In Support Groups, You Get (and Give) Help

What if you were diagnosed with cancer? What if your spouse died and you suddenly found yourself a single parent? What if you were living with an alcoholic and didn't know how to cope? Any of these situations—and a host of others—would leave you feeling alone and in need of an ally.

You could find help in a mutual support group. Sure, you've got family and friends, but do they really understand what you're up against? Your doctor, social worker, or counselor may be there for you, but you may need more.

In a mutual support group, people just like you face similar ordeals and challenges. You come together to express common concerns and issues. You provide and receive emotional support and share information. It all happens in a caring, open, and accepting environment.

Wide variety

You can find thousands of mutual support groups (versus professional ones, led by doctors, psychologists, and sociologists). They range from online chat rooms for people with depression to church-basement Alcoholics Anonymous groups. There are basically three types of support groups:

  • Emotional growth and wellness: to improve overall health and well-being (losing weight or looking for work, for instance)

  • Situational crises: to help you through a temporary, difficult period (divorce or a parent's death)

  • Chronic illness/conditions: to cope with a long-term physical, mental, emotional, or social issue, whether it's your own or that of someone close to you (cancer, autism, addiction, shyness)

"When you're faced with a tough situation, there's comfort knowing that everyone there is similar to you," says Greg Meissen, Ph.D., spokesperson for the Self-Help Network in Wichita. That similarity could be based on age, gender, economic status, or even the stage of a particular cancer or the number of months divorced.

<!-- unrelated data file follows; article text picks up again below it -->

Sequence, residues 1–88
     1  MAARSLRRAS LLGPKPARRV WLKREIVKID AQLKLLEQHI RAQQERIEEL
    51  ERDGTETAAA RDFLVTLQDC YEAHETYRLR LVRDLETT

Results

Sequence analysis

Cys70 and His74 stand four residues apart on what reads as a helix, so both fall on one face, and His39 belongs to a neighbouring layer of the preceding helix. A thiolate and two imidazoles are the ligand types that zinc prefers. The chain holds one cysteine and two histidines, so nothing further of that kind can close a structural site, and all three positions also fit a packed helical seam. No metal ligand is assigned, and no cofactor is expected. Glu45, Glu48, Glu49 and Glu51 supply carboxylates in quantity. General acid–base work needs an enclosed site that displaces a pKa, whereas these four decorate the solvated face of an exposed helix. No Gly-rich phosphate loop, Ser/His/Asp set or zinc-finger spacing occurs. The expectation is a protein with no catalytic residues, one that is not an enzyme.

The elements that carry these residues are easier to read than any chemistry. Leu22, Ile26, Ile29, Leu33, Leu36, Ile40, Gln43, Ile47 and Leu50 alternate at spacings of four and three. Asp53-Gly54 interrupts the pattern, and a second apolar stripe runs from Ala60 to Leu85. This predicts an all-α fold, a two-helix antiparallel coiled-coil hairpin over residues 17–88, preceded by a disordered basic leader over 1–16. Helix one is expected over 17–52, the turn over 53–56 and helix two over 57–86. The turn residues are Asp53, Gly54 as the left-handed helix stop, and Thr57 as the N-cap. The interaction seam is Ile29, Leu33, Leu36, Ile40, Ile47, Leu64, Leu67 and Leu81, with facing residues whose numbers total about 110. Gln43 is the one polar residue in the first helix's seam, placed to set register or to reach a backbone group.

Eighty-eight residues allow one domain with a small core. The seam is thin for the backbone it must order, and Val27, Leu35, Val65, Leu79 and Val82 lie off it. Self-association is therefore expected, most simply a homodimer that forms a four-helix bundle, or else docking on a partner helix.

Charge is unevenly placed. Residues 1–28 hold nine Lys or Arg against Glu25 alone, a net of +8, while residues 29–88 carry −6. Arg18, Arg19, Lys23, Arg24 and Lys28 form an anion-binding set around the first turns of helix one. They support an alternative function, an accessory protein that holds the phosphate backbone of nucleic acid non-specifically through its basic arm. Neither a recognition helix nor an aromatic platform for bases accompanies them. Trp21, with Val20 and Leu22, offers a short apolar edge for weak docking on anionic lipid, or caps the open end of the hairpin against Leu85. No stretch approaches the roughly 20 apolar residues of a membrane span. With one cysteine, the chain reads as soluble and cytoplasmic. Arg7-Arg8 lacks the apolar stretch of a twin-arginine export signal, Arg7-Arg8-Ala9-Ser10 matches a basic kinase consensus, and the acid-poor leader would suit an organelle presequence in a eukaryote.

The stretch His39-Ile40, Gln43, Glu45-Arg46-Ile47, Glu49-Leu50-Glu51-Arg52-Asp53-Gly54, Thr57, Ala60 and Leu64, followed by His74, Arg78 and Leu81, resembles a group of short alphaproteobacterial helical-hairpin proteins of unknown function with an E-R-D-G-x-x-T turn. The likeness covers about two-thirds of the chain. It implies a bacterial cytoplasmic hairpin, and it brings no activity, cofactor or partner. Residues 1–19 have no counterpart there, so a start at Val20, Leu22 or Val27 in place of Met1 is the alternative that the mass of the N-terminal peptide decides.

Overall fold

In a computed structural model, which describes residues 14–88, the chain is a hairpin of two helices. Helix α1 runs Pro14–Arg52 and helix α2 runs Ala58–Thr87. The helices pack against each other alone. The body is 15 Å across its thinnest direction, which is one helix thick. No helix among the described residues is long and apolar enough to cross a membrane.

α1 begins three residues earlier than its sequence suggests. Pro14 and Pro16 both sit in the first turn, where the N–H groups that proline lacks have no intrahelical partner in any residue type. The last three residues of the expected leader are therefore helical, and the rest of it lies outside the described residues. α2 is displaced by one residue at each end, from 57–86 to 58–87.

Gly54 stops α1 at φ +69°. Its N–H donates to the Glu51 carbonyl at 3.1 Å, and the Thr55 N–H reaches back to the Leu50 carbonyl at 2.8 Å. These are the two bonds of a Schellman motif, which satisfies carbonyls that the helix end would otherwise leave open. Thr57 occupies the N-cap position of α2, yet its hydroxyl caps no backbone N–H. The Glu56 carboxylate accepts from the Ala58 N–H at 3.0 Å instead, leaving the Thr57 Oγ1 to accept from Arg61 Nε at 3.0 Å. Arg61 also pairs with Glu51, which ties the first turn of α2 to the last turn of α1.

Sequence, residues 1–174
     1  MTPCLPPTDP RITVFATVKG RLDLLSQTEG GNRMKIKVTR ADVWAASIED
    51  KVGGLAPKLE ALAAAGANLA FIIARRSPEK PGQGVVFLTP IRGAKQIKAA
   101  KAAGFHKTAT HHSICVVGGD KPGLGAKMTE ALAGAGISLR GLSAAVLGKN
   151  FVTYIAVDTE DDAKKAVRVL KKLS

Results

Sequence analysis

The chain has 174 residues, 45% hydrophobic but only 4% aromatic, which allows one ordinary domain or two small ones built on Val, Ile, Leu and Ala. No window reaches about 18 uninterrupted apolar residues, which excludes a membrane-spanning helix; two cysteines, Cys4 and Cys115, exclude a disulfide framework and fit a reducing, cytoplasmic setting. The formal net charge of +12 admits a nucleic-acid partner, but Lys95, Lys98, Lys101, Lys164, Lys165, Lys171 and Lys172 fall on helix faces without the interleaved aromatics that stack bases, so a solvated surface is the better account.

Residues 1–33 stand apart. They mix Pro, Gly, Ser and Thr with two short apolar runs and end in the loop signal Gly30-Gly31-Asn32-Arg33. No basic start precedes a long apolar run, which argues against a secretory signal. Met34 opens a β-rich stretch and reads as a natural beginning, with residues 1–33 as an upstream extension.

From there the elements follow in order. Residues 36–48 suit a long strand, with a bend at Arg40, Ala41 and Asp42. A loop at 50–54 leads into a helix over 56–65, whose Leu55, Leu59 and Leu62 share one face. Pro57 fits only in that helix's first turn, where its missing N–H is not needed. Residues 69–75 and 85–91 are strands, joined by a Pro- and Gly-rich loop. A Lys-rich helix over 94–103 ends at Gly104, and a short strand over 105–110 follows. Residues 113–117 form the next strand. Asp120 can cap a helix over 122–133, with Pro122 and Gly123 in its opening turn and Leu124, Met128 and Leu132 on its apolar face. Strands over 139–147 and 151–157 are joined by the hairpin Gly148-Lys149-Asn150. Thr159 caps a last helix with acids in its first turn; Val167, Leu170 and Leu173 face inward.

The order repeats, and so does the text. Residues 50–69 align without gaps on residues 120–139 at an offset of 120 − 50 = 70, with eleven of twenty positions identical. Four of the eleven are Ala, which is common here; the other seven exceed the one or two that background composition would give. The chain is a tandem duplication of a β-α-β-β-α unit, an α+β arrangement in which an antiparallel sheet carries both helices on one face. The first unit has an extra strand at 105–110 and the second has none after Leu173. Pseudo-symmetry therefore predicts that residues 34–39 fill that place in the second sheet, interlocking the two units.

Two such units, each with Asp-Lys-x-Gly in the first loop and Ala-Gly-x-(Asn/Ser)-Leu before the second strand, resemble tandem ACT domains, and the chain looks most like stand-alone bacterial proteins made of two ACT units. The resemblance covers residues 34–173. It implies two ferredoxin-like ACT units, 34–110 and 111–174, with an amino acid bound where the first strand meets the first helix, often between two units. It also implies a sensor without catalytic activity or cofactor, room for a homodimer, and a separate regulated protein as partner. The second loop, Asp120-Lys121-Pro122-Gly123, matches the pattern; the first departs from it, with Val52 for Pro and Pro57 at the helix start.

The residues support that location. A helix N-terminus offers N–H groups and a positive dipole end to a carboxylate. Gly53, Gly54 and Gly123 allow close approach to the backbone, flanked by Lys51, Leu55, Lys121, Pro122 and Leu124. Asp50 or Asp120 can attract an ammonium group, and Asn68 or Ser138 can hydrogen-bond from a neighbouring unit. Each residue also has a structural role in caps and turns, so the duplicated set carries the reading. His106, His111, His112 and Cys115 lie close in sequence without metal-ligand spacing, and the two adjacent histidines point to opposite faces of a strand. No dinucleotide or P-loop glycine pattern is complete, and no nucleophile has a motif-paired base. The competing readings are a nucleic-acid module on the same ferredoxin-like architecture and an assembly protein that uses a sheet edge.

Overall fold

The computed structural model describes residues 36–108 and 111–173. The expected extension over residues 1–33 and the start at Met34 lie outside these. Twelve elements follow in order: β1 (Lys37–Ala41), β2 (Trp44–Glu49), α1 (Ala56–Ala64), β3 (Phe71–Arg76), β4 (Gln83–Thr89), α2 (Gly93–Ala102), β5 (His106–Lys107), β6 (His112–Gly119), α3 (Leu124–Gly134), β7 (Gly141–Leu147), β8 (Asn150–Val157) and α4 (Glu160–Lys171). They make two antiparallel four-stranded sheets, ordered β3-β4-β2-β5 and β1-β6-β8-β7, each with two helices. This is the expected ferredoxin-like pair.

The meeting may last an hour or two, follow an agenda, or remain spontaneous. Some groups meet for a limited time, others indefinitely. They could require attendance and commitment or let you show up whenever you like. Most are free, or charge a minimal fee to pay for meeting space.

A friendly ear

"People genuinely listen. They don't jump in with advice. There's a great deal of support and empathy, with words like, 'That is just how I felt. The same thing happened to me,'" says Dr. Meissen. "And you won't be forced to speak. You can sit back and soak it all in."

But what if you're not comfortable there? "Support groups aren't for everyone," he adds. "Or maybe it's a matter of timing. It could be too soon to hear about another mother who lost her child, for example."

At least you'd know you're not alone. "Just being in a mutual support group assures you of that," says psychologist Leslie Borck Jameson, Ph.D., a member of the American Psychological Association. "And even if you only listen, you'll pick up coping tips and nuts-and-bolts information coming from such a variety of life experiences and knowledge, all in one room."

As you become more at ease with the group, you'll want to share your story—"at the level you're comfortable with," Dr. Meissen stresses. When you're ready, you'll more freely express your feelings and thoughts.

Giving back

At any point along the way, you'll give back by offering information, support, and friendship. "This only improves your own coping skills, because you realize, within yourself, how much knowledge and strength you've already got," Dr. Jameson says. "Many studies now show that giving help to others can enhance your self-esteem more than receiving help."

Along with greater self-confidence, active participation in a mutual support group decreases your emotional distress and elevates your mood. When you feel a part of a community with the people in the group and have made friends with some of them, "you feel more positive and hopeful," says Dr. Jameson.

Although some people attend their support group for years, you'll know when it's time to move on. "It's when you don't need it anymore," says Dr. Meissen. "And that's healthy."

But your support group experience never leaves you, he adds. "You're changed, in subtle ways—as you take those powerful lessons you've learned into the rest of your life."

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